‘How to Win at Feminism’ Doesn’t Disappoint

‘How to Win at Feminism’ Doesn’t Disappoint

Last week, Harper Collins released “How to Win at Feminism: The Definitive Guide to Having it All – And Then Some!” a book presented by Reductress, the satirical women’s magazine.

Writers Beth Newell, Sarah, Pappalardo, and Anna Drezen take readers on a satirical journey through the trials and tribulations of being a feminist in today’s society. Starting with Beyonce vs Taylor Swift feminism and ending with overcoming your womansecurities with crystals, “How to Win at Feminism” covers it all.

The book, aimed at twenty-something women, reads like a series of Reductress articles and so if you are anything like me, it will very closely mimic your Facebook newsfeed. The writing is sharp and witty and clearly well thought out. The artwork and layout is catchy and fun to look at. It’s an easy read filled with ridiculous texting advice, celebrity gossip (is Shailene Woodley a feminist???), and how to make the perfect “no-self selfie” for Instagram (the key is to hashtag everything). Above all else, this book is funny. As a woman in a male dominated field, I laugh-cried my way through the “Women at Work!” section, identifying a little too strongly with the advice to set an alarm to apologize every hour on the hour to whoever is nearby.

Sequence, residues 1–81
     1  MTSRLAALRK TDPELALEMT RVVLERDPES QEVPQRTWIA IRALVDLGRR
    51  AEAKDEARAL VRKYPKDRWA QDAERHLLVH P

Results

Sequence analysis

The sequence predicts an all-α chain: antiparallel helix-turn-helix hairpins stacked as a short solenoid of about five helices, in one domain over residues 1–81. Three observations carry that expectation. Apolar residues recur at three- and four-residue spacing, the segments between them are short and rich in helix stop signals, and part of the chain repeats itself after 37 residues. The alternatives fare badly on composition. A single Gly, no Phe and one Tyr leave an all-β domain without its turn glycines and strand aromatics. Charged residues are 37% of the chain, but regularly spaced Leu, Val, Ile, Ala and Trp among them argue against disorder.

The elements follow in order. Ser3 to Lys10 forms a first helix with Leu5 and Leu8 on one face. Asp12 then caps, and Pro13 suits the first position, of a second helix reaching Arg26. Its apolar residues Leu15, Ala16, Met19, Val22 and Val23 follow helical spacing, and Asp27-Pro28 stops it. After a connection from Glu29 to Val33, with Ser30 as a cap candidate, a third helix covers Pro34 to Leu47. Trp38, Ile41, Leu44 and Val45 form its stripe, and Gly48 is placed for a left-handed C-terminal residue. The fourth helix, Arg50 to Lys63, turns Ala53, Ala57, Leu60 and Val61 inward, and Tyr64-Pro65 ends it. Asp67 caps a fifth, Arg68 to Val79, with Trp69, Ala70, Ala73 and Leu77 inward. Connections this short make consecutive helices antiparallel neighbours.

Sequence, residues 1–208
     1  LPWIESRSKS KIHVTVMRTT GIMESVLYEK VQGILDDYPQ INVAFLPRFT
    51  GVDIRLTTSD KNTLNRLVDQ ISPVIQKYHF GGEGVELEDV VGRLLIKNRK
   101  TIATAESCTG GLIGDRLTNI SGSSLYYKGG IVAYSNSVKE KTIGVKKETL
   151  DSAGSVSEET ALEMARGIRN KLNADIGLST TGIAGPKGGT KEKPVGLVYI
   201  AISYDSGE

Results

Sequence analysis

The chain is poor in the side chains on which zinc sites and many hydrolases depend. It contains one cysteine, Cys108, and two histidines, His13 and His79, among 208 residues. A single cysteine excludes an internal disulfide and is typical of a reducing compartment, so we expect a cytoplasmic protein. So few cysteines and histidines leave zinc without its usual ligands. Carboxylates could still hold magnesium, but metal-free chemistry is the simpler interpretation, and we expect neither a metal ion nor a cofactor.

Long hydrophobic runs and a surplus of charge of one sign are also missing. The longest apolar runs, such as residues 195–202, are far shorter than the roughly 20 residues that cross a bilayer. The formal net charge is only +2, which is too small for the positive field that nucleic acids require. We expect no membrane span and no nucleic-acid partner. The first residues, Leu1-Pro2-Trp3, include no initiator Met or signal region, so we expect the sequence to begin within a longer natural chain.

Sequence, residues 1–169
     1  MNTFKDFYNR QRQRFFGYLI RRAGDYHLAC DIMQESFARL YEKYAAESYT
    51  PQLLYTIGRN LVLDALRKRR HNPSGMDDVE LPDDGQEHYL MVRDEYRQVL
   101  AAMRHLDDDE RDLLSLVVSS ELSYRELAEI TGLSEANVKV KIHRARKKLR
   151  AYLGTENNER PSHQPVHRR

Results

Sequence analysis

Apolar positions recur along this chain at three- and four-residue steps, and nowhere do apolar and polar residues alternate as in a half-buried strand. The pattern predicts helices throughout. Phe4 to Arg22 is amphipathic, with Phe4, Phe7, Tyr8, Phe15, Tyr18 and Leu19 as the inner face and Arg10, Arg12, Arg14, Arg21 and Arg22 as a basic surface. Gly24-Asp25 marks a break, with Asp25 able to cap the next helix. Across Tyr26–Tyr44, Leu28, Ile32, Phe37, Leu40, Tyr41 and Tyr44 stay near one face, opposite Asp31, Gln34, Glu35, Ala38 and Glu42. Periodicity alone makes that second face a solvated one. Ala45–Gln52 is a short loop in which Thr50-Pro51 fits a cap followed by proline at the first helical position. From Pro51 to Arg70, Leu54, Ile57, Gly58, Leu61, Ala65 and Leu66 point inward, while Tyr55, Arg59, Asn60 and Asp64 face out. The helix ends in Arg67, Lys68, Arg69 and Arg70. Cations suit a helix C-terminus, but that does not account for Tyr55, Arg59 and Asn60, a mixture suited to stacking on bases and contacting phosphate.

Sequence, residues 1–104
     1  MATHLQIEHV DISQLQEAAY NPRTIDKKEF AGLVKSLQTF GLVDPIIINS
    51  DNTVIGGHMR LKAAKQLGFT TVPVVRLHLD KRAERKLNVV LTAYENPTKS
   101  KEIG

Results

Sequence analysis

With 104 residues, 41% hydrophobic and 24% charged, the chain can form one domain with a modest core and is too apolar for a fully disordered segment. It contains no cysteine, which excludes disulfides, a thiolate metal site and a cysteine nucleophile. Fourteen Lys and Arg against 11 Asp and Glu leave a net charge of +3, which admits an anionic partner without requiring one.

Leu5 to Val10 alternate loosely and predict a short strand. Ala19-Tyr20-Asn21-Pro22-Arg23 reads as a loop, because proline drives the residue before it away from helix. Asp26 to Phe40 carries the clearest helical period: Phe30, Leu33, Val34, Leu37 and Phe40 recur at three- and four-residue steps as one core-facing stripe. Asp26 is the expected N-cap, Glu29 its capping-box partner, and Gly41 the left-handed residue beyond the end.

While the book does a great job of poking fun at the daily struggle of being a woman, I have my gripes. While intersectional at points (it even explains what being an intersectional feminist means!!) it is admittedly aimed at straight, white, cis women. The entire dating section was about dating men and the single lesbian article, “How To Do Your Lesbian Phase Right,” was a little tired. I also wish there had been more on the experience of being a women of color. Finally, similar to the online magazine, the book is very topical. This is great because I love a good comparison of Lena Dunham and Oprah, but this book unfortunately won’t stand the test of the time.

“How to Win at Feminism” is a worthwhile read, although I would skip it if you’re not a feminist millennial woman. You can learn more and buy the book here.

Image courtesy of Getty Images.